I greatly dislike when Hispanic is mistaken for a race. There are plenty of white hispanics out there and i am one of them. I have mixed cousins and what not, but my direct ancestors did not mix when they moved from Spain to the Carribean. Growing up on paper work i would always check white as my race and still do. When hispanic ethnicity and racial selection there after were both added to many forms i was thrilled to now have that option that defines me..

I know this only partially pertains to the article but I had to stick in my 2.cents about my ethnicity being confused for a race. I love being a hispanic but think its sort of odd when i have blonde hair and blue eyes and im standing next to another hispanic that is black and someone tells me im not white nor black but hispanic. It just blows my mind.

Renaissance Girl said...

Latin American societies became "highly racially stratified" due to colonization of European white men - the Spaniards. Because of this apparent superiority (slavery, colonization, etc) it's no wonder why Latinos and Hispanics today think that white is wonderful. It's a form of self-hatred that blacks were brainwashed into possessing.

Renaissance Girl said...

"Studies show preference for Latino labor as opposed to black American". And some studies are manipulated into reflecting or showing a desired result. Now, I'm not necessarily saying that these studies are not valid, but in order for "cheaper labor" to continue in this nation, Latino labor which is sometimes illegal, helps unsavory corporations to pinch pennies and abuse their workers. And for the workers that aren't here illegally? These men and women who are newly here would have had a hard time competing with blacks who have been here much, much longer (ancestors of former slaves) -- so, instead of competing these men and women thirsty for that glass of American Dream Chardonnay, they take whatever is offered. Now, I ask you, why should black people have to accept low paying wages to be "preferred"?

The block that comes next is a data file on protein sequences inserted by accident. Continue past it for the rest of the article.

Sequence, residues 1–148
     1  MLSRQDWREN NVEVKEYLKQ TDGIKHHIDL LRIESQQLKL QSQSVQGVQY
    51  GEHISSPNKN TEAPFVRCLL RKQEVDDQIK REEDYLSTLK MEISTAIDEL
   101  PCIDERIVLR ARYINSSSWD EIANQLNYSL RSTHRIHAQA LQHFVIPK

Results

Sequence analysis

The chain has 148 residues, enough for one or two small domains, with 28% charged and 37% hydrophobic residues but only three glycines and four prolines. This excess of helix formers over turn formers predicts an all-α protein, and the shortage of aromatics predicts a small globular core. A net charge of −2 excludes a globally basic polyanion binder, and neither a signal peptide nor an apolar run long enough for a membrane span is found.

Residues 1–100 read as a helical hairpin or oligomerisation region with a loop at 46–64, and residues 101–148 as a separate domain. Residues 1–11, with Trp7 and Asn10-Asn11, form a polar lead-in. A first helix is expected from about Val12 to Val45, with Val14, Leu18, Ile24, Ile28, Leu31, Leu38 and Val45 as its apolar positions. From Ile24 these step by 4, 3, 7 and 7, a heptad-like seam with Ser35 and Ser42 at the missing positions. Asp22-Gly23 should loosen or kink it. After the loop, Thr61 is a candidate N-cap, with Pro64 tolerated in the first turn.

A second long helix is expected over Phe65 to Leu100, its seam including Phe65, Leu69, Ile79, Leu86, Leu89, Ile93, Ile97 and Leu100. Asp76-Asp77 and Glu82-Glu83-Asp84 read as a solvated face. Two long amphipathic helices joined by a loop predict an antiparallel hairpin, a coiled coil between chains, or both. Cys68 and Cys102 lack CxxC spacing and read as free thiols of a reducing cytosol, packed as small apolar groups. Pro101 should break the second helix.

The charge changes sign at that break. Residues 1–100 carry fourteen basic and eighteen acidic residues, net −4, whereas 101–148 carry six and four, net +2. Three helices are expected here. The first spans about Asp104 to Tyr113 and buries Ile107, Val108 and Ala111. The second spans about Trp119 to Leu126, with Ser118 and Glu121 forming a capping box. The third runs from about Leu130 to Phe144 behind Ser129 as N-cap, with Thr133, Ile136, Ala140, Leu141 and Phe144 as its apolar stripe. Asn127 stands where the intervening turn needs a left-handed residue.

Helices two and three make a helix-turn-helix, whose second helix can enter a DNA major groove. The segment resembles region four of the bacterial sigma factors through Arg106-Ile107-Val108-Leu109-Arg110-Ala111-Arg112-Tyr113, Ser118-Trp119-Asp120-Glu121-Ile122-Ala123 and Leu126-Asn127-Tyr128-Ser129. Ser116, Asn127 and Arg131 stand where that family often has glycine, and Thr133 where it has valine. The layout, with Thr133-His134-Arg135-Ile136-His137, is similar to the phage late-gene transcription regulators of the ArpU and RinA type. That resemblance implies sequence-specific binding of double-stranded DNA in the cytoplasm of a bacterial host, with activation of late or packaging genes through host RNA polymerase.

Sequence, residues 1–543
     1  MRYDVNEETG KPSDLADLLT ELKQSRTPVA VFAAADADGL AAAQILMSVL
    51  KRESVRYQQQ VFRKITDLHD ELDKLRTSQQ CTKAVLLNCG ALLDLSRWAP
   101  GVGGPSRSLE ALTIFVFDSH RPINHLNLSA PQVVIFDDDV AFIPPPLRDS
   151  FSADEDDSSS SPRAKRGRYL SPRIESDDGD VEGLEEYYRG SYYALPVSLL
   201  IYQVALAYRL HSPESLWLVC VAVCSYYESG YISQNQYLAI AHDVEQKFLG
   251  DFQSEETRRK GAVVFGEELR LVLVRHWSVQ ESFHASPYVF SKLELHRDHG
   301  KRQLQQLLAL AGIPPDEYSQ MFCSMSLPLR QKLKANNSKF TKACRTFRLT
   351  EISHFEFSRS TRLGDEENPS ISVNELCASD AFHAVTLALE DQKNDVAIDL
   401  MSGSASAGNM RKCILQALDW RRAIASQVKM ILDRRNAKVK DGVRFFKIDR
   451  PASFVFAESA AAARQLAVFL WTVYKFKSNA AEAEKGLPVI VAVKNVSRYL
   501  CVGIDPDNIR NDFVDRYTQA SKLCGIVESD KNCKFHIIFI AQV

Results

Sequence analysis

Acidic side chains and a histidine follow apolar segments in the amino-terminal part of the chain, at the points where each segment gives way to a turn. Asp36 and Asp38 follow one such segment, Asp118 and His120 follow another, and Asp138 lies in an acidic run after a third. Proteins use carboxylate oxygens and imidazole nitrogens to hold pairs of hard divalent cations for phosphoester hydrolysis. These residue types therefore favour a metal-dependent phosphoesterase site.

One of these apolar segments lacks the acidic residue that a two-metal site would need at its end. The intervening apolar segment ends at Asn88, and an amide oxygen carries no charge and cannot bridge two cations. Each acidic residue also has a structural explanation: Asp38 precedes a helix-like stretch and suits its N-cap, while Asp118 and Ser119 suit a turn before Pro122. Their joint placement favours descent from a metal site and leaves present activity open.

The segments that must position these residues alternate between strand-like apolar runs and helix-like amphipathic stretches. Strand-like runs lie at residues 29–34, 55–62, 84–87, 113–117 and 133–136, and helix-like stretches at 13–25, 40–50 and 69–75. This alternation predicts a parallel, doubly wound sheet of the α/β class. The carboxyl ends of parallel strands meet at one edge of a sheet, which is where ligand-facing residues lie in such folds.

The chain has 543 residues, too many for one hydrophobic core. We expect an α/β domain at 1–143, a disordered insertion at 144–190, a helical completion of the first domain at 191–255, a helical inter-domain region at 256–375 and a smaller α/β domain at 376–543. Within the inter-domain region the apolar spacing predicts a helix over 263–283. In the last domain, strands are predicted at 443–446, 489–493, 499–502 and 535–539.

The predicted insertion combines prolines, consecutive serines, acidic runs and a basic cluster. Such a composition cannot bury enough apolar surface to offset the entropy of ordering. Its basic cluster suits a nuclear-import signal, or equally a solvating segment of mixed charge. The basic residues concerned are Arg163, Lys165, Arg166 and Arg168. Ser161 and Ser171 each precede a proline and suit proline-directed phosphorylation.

Myshkin the Idiot said...

I should have said some studies suggest there is a bias or preference for Latino laborers. I have read examples of employers posting job ads in Spanish newspapers in American cities without posting the same jobs in English newspapers. There have also been instances of advertising in Latino communities for jobs instead of black communities.

Undocumented immigrants are certainly discriminated against with below minimum wage employment as well as harsh working conditions, no one should want that.

My thoughts about it, and I can't know for sure, are that immigrants are able to settle somewhere they can find work, they have already left their attachments, whereas natives of the US can be stuck geographically and that can prevent them from moving. We also want to stay close to relatives and relations and can be afraid to leave our comfort zones.

Black people don't have to accept low wage jobs. Evidence demonstrates that black Americans with college degrees are less likely to be employed than white Americans with high school degrees and I think even felony records. There is also the phenomenon of "whitening" your resume where you exclude evidence that an employer might tag as "black person" and then won't request an interview.

Renaissance Girl said...

You sure do say a lot without actually saying anything.

Myra Esoteric said...

Being that the definition of whiteness v. blackness is very different from Latin America to North America, the newer Hispanic immigrants will no longer be considered white as they integrate.

Their kids will definitely self identify as people of color. Anyone who is of Asian or Native American descent will not be considered white because of history, and Arabs have been losing their white card since 9/11.

I feel that with increased immigration, the black/white binary might go away. But I hope that it is not subsequently replaced with the Brazilian model where it depends on degree of European vs. non-European blood quantum.

And I hope that racial divisions are not somehow galvanized by warfare against a POC country, for example what we're seeing with ISIS today.